The turmoil we are currently seeing in stock and bond markets is just one battle in the war that has been going on in capital markets for a long time: debt versus equity versus central banks.Continue reading
The decision that Uber drivers are in fact workers, not entrepreneurs working for themselves, could not have come at a better time.Continue reading
For whoever wants to see the real-life results of giving in to populism, the UK’s case is a fascinating one. Counting the costs of Brexit is only beginning, but already the picture is a gloomy one.Continue reading
The US earnings season is halfway through, and on the surface, it is full of good news. And yet, far from being cheered up by this, markets have been going down. Why is that?Continue reading
One of the most widely accepted “truths” about ESG (environmental, social and governance) investing is that young investors are very keen to put their money into companies that show strong ESG credentials.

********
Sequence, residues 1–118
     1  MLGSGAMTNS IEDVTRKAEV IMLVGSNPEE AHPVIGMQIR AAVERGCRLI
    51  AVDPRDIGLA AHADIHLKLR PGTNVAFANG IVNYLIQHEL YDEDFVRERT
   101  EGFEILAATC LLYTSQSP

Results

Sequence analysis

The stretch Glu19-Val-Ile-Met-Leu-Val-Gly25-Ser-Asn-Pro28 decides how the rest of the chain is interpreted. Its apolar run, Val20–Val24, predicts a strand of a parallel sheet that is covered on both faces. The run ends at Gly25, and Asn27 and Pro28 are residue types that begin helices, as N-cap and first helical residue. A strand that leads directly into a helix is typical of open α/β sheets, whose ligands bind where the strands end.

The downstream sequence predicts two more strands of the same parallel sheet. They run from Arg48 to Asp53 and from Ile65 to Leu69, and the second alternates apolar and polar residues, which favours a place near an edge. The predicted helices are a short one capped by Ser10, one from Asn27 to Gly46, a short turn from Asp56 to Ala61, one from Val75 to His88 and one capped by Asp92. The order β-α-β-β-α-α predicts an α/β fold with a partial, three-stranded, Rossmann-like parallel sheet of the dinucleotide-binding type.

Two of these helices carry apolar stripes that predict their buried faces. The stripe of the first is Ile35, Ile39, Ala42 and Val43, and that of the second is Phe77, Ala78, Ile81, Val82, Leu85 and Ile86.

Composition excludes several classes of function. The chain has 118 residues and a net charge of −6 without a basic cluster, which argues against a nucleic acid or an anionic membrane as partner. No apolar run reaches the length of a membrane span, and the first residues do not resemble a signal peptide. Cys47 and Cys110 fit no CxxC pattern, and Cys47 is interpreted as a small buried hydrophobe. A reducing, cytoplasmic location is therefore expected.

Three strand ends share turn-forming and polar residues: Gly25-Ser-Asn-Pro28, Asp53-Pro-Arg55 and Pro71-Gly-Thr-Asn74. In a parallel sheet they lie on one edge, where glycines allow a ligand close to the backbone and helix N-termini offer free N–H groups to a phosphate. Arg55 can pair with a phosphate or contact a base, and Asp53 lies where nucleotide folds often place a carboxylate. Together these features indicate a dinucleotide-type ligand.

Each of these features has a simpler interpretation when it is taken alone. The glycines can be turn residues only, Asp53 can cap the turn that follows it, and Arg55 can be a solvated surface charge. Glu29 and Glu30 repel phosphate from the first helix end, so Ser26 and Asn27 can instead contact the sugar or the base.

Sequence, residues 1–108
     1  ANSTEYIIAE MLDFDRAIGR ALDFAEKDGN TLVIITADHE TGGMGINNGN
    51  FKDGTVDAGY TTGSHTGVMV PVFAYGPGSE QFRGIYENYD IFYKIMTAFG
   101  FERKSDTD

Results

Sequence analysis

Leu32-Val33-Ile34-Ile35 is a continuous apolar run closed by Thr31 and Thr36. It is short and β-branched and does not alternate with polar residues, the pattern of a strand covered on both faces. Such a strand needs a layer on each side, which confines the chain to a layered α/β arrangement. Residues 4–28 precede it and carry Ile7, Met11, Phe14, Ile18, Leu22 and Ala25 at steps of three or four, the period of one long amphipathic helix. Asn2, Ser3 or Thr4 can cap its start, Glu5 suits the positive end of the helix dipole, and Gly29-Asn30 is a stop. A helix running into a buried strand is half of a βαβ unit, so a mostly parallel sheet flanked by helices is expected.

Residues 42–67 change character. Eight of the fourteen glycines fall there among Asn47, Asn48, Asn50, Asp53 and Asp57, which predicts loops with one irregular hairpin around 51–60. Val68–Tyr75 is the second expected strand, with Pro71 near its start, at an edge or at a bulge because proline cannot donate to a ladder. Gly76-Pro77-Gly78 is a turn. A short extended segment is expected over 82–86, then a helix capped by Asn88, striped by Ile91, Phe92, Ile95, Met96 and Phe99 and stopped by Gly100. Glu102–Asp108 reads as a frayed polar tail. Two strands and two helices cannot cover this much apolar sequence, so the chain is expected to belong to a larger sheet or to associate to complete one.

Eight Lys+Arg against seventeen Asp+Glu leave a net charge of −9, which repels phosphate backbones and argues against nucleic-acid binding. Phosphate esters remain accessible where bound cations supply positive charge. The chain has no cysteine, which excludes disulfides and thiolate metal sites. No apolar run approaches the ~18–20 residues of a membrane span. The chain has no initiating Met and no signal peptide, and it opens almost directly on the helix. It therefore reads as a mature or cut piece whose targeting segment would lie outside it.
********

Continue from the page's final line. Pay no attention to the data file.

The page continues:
Entire marketing strategies have been built around this idea. But what if, in fact, this “truth” turns out to be no more than myth?Continue reading
Despite good news about vaccine roll-outs, it is too early to tell when or even whether economies will fully reopen and life will go back to “normal.”Continue reading
In a recent Financial Times article, various business executives expressed deep regret for their “Faustian bargain” with US President Donald Trump.
They should go ahead and express even deeper regret for their contribution to the serious undermining of democracy — not just in the US, but everywhere else.Continue reading
Forget Covid-19 and Brexit. The question to which most people in the UK would want an uncertain answer is what will happen to house prices in 2021.
Prime Minister Boris Johnson will surely say that he got “Brexit done”, as he promised. However, in a sense, Brexit is only just beginning.
With news of another Covid-19 vaccine on its way and optimism rising ahead of the end-year holidays, it looks like 2021 will shape up to be much better than 2020.
But one forgotten danger could spoil the party: inflation. Price rises are far from investors’ minds, but an ‘inflation tantrum’ could have devastating effects on various countries’ economies if they are not kept in check.